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THE BRIARHOPPER ATONES - Brent Watts

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THE BRIARHOPPER ATONES

by Brent Watts

(Setting: The place between the hills and the valleys.  

Time: Right before you wake up, when the world is still a dream.) 

THE MOUNTAINS 

It has been a while. The last time we spoke like this was many years ago. 

THE BRIARHOPPER 

Yep. I reckon that’s true…How are you? 

THE MOUNTAINS 

Spare me the niceties.  

THE BRIARHOPPER 

I’m sorry.  

(A beat.)  

THE MOUNTAINS 

No, I’m sorry. It was wrong of me to lash out like that. I often forget how you and your kind take pleasure in such formalities. Forgive me. 

(A beat.) 

Are you angry with me?  

THE MOUNTAINS 

I was. For a long while.   

THE BRIARHOPPER 

Are you still? 

THE MOUNTAINS 

No. Now, I’m just hurt. I’m still hurting. All of us are. 

 

THE BRIARHOPPER 

Yeah, well, you ain’t kidding.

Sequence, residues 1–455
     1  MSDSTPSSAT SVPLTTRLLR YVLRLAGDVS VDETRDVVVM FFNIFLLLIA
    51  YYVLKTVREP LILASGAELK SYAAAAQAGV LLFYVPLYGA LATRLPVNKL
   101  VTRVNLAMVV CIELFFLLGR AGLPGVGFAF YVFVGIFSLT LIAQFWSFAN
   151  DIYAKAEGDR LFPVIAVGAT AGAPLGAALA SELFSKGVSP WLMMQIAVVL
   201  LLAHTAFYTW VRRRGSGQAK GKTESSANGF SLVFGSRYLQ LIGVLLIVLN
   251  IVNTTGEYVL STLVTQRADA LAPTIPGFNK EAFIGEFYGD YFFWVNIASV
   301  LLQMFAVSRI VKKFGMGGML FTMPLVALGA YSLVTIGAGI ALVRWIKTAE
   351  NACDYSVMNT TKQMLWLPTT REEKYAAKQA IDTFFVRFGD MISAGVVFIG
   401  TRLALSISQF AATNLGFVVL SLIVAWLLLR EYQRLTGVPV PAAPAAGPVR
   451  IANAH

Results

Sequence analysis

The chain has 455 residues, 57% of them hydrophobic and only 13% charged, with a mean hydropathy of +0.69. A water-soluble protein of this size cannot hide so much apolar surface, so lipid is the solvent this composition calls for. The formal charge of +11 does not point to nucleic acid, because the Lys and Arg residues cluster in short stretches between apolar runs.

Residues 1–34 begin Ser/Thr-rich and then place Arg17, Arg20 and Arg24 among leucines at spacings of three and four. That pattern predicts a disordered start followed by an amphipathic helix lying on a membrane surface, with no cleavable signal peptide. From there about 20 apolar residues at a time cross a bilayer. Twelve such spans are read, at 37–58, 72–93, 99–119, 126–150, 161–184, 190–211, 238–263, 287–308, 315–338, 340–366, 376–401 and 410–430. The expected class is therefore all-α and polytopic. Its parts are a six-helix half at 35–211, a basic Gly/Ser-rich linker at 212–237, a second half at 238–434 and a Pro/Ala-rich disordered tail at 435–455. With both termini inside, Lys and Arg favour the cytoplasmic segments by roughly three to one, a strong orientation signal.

THE MOUNTAINS 

What do you mean by that? 

THE BRIARHOPPER 

Look, I know you’re hurting. I know your family and your friends, they’re hurting too.  And I know, in some ways I guess, that it’s my fault. Our fault. But I’m hurting too. My family, my friends, my neighbors—we’re all hurting.  

 

THE MOUNTAINS 

I know this.  But you speak the truth. In many ways, the blame falls to you and your kin. I entrusted you with my care, Briarhopper. I offered myself up to you. Allowed you to shape me as you saw fit. A great responsibility, to be sure, but I knew you were capable. I had confidence in you.  

(A beat.) 

I still think I was right to have such faith in you.  

THE BRIARHOPPER 

I’m sorry I let you down. I—I don’t know what else to say.  

THE MOUNTAINS 

Say nothing. I know too well the contents of your heart, so I know that what you say is true. But your words, your feelings—they are not enough. Nor will they ever be.   

(THE BRIARHOPPER does not speak; their silence is enough of a reply.) 

THE MOUNTAINS 

You feel guilty. As well you should, for not only have you mistreated me, but I hear the things you say. You and your kind speak of me with shame. You have no gratitude for all that I have done for you, no respect for the bond we once had. You take and take, but never give. You abandon me.   

THE BRIARHOPPER 

Well, why shouldn’t we leave you? You’re the reason we’re like this. Isolated, distant—a hundred years behind the rest of the world. You have nothing for us now. The world is different. Where else are we supposed to go? What else can we do?